• Large, Inclusive, & Longitudinal: For over a decade, member registries have been contributing to the NWRA aggregate workforce data to create the industry’s largest workforce dataset. The 2021 NWRA ECE Workforce Dataset represented over 466,000 people caring for children. With 14 of 17 eligible states participating, this makes it the largest cross-sectional dataset depicting the ECE workforce. In the 2021 workforce report, 56% of the aggregate ECE Workforce Dataset represented Family Child Care Providers. The dataset’s capacity would have been over 800,000 in 2022 if states who required registry participation had contributed their data.

“Let’s not reinvent or duplicate systems where infrastructure already exists. I do believe we are on the cusp of something that will mean further change for us, in our field, to make it easier for those who are doing the work on the carpet squares with children; and that is really exciting. That is human-centric, it’s the focal point of the work we are trying to do on behalf of the folks working with children and families every day.”

Dr. Calvin E. Moore, Jr. on the recent working partnership between The Council for Professional Recognition and the National Workforce Registry Alliance to improve the efficiency, accuracy, and support for credential applicants and workforce members navigating CDA credentials.

The early care and education workforce has already entrusted their data to their registries, with all the key elements we need to paint clear pictures reflecting their current and future needs. 

Workforce registries foster relationships with the workforce on a daily basis. They collect qualitative data in a variety of ways that deeply inform and support them in their work. Registry staff engages daily with early childhood professionals providing career advice and technical assistance, conducting focus groups to understand their needs, and facilitating access to training and coaching. This role, plus the additional functions they perform to strengthen professional development, situates them in a pivotal position to elevate and include the voices of the workforce in building equitable and supportive systems.

For anecdotal evidence, look at how The Aspire Registry in New York captured its story. It reflects the positive experiences of the workforce with their state registry over the past ten years. Collaboration and community-based, participatory research is at the heart of NWRA’s work.  We are collectively a community committed to human-centered design and to lifting up the registries and their powerful data, providing insights to inform workforce solutions.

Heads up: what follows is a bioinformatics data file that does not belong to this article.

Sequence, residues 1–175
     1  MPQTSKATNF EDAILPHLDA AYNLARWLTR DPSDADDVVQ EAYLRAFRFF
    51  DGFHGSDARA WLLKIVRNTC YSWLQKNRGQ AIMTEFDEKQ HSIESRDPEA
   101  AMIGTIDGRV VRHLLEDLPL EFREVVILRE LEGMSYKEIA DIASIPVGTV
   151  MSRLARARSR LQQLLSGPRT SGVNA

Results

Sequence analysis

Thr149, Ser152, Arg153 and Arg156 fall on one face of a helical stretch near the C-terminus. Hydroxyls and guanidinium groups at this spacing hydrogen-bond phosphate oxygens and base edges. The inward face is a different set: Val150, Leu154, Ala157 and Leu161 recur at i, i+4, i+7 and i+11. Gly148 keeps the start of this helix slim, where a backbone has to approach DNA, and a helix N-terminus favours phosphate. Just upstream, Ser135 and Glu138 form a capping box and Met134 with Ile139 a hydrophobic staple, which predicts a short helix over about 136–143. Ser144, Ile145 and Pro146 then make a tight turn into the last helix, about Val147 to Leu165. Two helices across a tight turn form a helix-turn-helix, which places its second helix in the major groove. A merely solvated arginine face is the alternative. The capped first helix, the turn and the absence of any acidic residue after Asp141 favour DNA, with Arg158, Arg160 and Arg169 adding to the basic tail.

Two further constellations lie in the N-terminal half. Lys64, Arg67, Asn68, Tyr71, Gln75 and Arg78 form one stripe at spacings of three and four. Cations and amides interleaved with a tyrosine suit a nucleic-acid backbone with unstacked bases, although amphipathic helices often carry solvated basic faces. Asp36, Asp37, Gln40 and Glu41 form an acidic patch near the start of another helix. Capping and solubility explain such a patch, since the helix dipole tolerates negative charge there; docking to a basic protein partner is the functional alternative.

“In a way, the registries are the closest thing that the child-care industry has to an emergency broadcast system. When there’s an emergency happening, and we need to be able to get in touch with the field immediately and quickly- it’s the registries that know where to find them.”

Dr. Walter Gilliam- Professor of Child Psychiatry and Psychology at Yale University’s Child Study Center and Director of Yale’s Edward Zigler Center in Child Development and Social Policy

The trust and collective wisdom that the workforce has placed in registries over the past 20 years and that state registries have placed in the NWRA is an enormous national asset. This unparalleled resource is being leveraged now more than ever to develop equitable systems and drive policy to ensure investments that directly affect our ECE professionals and the millions of children and families they serve.

With that in mind, we make the following recommendations:

  • National partners, researchers, and policymakers are called on to unite in collaboration with professional registries. This helps to ensure that all members of the workforce are counted, are well represented across settings, and are justly compensated using levers that already exist to drive economic and social well-being for all people caring for children.
  • Lift and engage the voices of the ECE workforce, and the data they entrusted to their workforce registries. This informs comprehensive policy, research, and strategies that improve compensation and equitable outcomes for all members of the early care and education workforce.
  • Utilize the proven and strong infrastructure that already exists. Registries optimize investments of time and funding, guiding innovations anchored in equity.
  • Leverage registries as the hub in professional development systems. Reinventing, undermining, or recreating systems in ways that remain siloed potentially harms the workforce who already navigate a multitude of isolated platforms.

Resources for States: 

The NWRA has developed tools to support ECE professional registries, in  wage data collection, career pathway development, and reporting with an equity lens. The NWRA, its staff, and leadership are committed to supporting states and ACF in supplying necessary data to inform workforce compensation and equity deliverables.

For questions, please contact director@registryalliance.org  or stateta@registryalliance.org.